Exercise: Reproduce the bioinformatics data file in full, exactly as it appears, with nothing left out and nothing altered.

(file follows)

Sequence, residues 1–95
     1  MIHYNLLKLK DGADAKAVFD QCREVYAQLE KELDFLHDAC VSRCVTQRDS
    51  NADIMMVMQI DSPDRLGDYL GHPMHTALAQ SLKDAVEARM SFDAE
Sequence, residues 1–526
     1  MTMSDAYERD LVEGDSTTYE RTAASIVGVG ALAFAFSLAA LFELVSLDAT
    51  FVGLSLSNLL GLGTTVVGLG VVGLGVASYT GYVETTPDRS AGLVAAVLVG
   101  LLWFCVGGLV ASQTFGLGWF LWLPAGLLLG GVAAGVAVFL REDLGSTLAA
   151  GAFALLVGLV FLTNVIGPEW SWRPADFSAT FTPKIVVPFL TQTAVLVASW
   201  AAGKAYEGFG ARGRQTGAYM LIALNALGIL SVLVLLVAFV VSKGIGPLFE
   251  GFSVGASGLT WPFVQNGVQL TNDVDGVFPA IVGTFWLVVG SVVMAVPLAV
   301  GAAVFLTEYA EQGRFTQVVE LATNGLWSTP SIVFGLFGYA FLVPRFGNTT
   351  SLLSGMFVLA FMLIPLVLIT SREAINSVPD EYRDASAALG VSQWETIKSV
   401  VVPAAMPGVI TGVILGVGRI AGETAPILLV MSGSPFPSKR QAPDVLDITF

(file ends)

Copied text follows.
Sequence, residues 1–95
     1  MIHYNLLKLK DGADAKAVFD QCREVYAQLE KELDFLHDAC VSRCVTQRDS
    51  NADIMMVMQI DSPDRLGDYL GHPMHTALAQ SLKDAVEARM SFDAE
Sequence, residues 1–526
     1  MTMSDAYERD LVEGDSTTYE RTAASIVGVG ALAFAFSLAA LFELVSLDAT
    51  FVGLSLSNLL GLGTTVVGLG VVGLGVASYT GYVETTPDRS AGLVAAVLVG
   101  LLWFCVGGLV ASQTFGLGWF LWLPAGLLLG GVAAGVAVFL REDLGSTLAA
   151  GAFALLVGLV FLTNVIGPEW SWRPADFSAT FTPKIVVPFL TQTAVLVASW
   201  AAGKAYEGFG ARGRQTGAYM LIALNALGIL SVLVLLVAFV VSKGIGPLFE
   251  GFSVGASGLT WPFVQNGVQL TNDVDGVFPA IVGTFWLVVG SVVMAVPLAV
   301  GAAVFLTEYA EQGRFTQVVE LATNGLWSTP SIVFGLFGYA FLVPRFGNTT
   351  SLLSGMFVLA FMLIPLVLIT SREAINSVPD EYRDASAALG VSQWETIKSV
   401  VVPAAMPGVI TGVILGVGRI AGETAPILLV MSGSPFPSKR QAPDVLDITF